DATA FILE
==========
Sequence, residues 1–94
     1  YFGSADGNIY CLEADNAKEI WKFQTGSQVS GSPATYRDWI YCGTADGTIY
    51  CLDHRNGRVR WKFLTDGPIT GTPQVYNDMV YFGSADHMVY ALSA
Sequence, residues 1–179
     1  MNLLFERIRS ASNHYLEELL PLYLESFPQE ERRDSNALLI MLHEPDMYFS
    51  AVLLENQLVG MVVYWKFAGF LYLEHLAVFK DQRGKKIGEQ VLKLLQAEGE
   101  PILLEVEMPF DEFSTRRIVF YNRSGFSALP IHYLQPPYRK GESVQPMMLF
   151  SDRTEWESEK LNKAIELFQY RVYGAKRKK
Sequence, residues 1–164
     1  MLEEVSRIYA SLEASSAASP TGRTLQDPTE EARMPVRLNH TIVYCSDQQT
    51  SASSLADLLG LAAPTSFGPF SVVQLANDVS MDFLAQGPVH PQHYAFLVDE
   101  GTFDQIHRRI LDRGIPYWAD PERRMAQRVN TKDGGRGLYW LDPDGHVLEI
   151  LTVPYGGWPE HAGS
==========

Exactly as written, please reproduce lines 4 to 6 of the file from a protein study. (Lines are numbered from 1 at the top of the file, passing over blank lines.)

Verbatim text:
Sequence, residues 1–179
     1  MNLLFERIRS ASNHYLEELL PLYLESFPQE ERRDSNALLI MLHEPDMYFS
    51  AVLLENQLVG MVVYWKFAGF LYLEHLAVFK DQRGKKIGEQ VLKLLQAEGE